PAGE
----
When people look for things like this, it’s because they don’t realize that you don’t need 0 ms monitors. Most of the ones out there won’t give you any different experience from any others, and it’s very rare that you’ll find one that you could notice and difference at all.
Okay delay happens because of image post processing.
This is additional image processing that happens with the processor located in your LCD HDTV or Monitor.
On some big screen HDTVs this is to give you the best picture you can get for movie watching, it also gets you horrible input lag for game play.
On all LCD screens you do have the following
Scalling - Ether up scalling or down scalling to make the picture fit the screen. So in a 1080p Display, a 480p image has to get resized to fill all of a 1080p screen.
Aspect correction - Ether adding black bars/borders, zooming in and cropping the image or to stretching or squashing the image to make the pictures dimensions fir the screen. This is common with 4:3 images on a 16:9 screen or a 16:9 image on a 4:3 screen. In the past 16:9 is considered widescreen format.
Deinterlacing - LCD screens can only display a Progressive image, interlaced video goes to some kind of process to turn the image to progressive. I cover interlacing in a bit.
Interlacing: Half of the screen is displayed at a time. Every other scan line is skipped when a picture is scanned in each frame, for one frame its all the even number frames and the next frame all the odd number frames.
A Interlaced picture is still a 60 hz, 60 FPS picture. The reason to go interlace on CRT screens was to save on bandwidth on the radio air waves and on analog video games. Newer analog and digital connection formats are given enough bandwidth for a progressive 60 hz picture. On some CRT screens you will notice these scan lines on older video games, they will appear as black lines going the width of the screen.
The reason some CRT screens can go as high as 1080i is that the nature how a CRT screen works the image can only scan in Interlaced format.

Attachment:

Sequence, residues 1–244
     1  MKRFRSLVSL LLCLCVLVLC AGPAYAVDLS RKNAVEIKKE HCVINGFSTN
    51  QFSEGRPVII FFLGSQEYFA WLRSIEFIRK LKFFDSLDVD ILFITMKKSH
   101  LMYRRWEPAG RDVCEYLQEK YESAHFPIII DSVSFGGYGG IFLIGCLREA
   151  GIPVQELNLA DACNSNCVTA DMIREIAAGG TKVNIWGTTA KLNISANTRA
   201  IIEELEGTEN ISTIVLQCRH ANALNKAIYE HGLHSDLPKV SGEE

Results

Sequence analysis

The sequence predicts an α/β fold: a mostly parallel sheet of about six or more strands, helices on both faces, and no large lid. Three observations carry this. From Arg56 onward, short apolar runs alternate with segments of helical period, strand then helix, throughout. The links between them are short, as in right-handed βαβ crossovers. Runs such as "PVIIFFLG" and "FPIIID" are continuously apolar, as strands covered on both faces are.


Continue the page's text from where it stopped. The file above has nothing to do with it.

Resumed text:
Why older games has scan lines, old game consoles up to the Sega Saturn and PS1 (there are Saturn and PS1 games that are in 240p and/or 480i and rarely 480p) might have scan lines as the console actually outputs the image not 480i but as 240p. The analog nature of CRT screens will scan in the 240p image as 480i as treating each 240p scan line as a even number scan line, leaving the odd number scan lines as blank in the effect stretching the image and creating the visual artifact we call scan lines. 240p is a non-standard format and exist as a cheat for older game consoles so they don’t have to push out a larger image.
There is no such thing as a display with 0 lag. If you take a reading at the bottom of a CRT of the time it takes to draw a frame it will be 17 ms, so all screens always have at least 17 ms of time to draw a frame. Anything more than 17 ms is the lag. If the reading from a meter is 27 ms at the bottom of the screen, then the lag would be 10 ms.
This is not strictly true, just because you’re updating at 60hz does not mean the monitor requires 1/60th of a second to finish scanning lines. There’s actually no reason you can’t run something like SFV PC on a screen at 144hz. Or even 200hz if you still have a good CRT knocking about. You won’t get more than 60 frames per second but the time the monitor takes to finish drawing scanlines will be lower.
Taking 17ms to reach the bottom of the screen is a 60hz limitation that consoles don’t really have any say in, but these days on PC it’s not a problem to be running a 60hz game engine on a screen at a higher refresh rate. At 120hz you’re not taking 17ms to reach the bottom of the screen, you’re taking 8ms.
OK fair enough a TFT is still slower because of other delays, but 17ms isn’t a hard limit for a CRT.